In recent years, introduction of a trusteeship system has been suggested as a mechanism for state building in the Palestinian territories in order to promote a viable two-state solution. This document defines and outlines the trusteeship option.


The concept of trusteeship refers to the exercise of responsibility over a territory by a trustee for a limited period of time. This includes responsibility for the physical security and civil administration of the population, with the aim of promoting their eventual self-governance or independence.1


The system of trusteeship was originally set up by the United Nations to help promote development for non-self-governing territories.2 A Trusteeship Council was established as the main organ of the UN whose responsibility was to supervise the administration of trust territories, most of which were former mandates or territories occupied before and during WWII.

Originally, the UN trusteeship system focused on post-colonial transition.3 However, towards the end of the 20th century, problems of collapse of governance within existing territories led to the revival of a trusteeship-like system.

Thus, contemporary trusteeships have been established either for temporary reinforcement and conservation of "failed states"4 or for state-building in "nascent states".5

Goals of Trusteeships

The basic goal of a trusteeship is the establishment or the restoration of a legitimate, functioning state that is capable of managing the tasks of government. These include providing for security of the population, economic stability, and societal well-being.

Recent trusteeships include Bosnia, Kosovo, East Timor, and Afghanistan6. In 2003, the former US ambassador to Israel, Martin Indyk, suggested a trusteeship system as a mechanism for state building in the Palestinian territories in order to promote a viable two-state solution for the Israeli-Palestinian conflict.7


The main criticism of the trusteeship system is that it infringes upon the right to self-determination and essentially violates the sovereignty of the state. Therefore, in order to create a viable trusteeship, it is important to establish a large degree of internal and external legitimacy.

Under international custom and law, legitimacy to create a trusteeship has been based upon voluntary assumption of the trusteeship,8 situations where state disintegration has threatened the peace, and when humanitarian threats to the population have been involved.

1 The legal relationship in a trusteeship is based on that of common trust law. In common law legal systems, a trust is a relationship in which a person or entity (the trustee) holds legal title to certain property (the trust property), but is bound by a fiduciary duty to exercise that legal control for the benefit of one or more individuals or organizations.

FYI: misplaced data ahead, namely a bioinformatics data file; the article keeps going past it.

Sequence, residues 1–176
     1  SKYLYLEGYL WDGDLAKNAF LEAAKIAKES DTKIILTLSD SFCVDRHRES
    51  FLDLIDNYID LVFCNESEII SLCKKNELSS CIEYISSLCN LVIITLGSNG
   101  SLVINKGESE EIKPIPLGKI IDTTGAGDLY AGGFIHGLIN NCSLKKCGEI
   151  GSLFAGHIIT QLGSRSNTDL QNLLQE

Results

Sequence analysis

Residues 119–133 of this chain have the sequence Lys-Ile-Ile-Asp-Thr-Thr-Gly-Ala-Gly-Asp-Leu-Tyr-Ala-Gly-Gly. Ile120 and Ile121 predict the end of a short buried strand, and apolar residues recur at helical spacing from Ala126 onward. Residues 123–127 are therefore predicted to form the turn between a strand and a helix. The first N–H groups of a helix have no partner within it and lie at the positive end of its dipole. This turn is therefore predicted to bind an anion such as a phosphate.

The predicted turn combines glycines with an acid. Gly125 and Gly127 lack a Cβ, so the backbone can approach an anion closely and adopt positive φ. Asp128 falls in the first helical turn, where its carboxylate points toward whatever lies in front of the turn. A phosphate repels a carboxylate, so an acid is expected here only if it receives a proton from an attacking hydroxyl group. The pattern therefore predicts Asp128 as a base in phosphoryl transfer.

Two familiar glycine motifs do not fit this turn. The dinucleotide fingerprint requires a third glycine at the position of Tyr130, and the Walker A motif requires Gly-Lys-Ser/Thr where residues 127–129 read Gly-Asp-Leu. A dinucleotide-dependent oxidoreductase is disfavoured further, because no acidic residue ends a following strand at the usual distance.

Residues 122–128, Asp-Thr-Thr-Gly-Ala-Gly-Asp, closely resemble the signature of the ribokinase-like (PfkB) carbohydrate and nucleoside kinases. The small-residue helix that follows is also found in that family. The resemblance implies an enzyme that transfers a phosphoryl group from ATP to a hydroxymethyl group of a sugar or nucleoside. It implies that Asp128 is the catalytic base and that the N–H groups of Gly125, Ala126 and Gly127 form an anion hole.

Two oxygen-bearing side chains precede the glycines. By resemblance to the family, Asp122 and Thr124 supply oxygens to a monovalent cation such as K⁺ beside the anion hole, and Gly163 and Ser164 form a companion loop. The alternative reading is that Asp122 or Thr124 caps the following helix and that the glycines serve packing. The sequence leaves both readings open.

2 The UN trusteeship system was specified in Chapters XI, XII, XIII of the UN Charter, and was a natural evolution of the League of Nations mandate system.

3 The Trusteeship Council suspended operation on November 1, 1994, with the independence of Palau, the last remaining United Nations trust territory.

4 A failed state is defined as a weak state in which the central government can no longer perform its basic security and administrative functions and has little practical control over its territory. (See also: Crisis Research Center, London School of Economics).

5 The Reut Institute defines a nascent state as a political entity, which aspires to political independence and recognition of its status of statehood. Its future status of statehood has been recognized by the relevant members and organs of the international community, primarily the UN, although this status of statehood has not yet been fully realized.

6 The cases of Bosnia, Kosovo, and East Timor constitute expanded trusteeships under UN jurisdiction.

In Afghanistan, post-war arrangements gave the UN less authority than in Kosovo and East Timor. Nevertheless, a trusteeship was established where the trustee responsibilities were divided between the UN and indigenous institutions.

7 See: Martin Indyk, "A Trusteeship for Palestine?," Foreign Affairs, May 2003.

8 This situation involves the consent of the trusteeship by the failed or nascent state. The difficulty here lies in distinguishing who is authorized to give consent.

More Sources

Crawford, James, The Creation of States in International Law, (2nd ed.), Oxford: Clarendon Press, 2006.

Langford, Tonya, "Things Fall Apart: State Failure and the Politics of Intervention," International Studies Review, Vol. 1, No. 1, Spring, 1999.

Perritt, Henry, "Structures and Standards For Political Trusteeship," UCLA Journal of International Law and Foreign Affairs, Fall/Winter 2003.

Shaw, Malcolm N., International Law, (5th ed.), Cambridge University Press, 2003.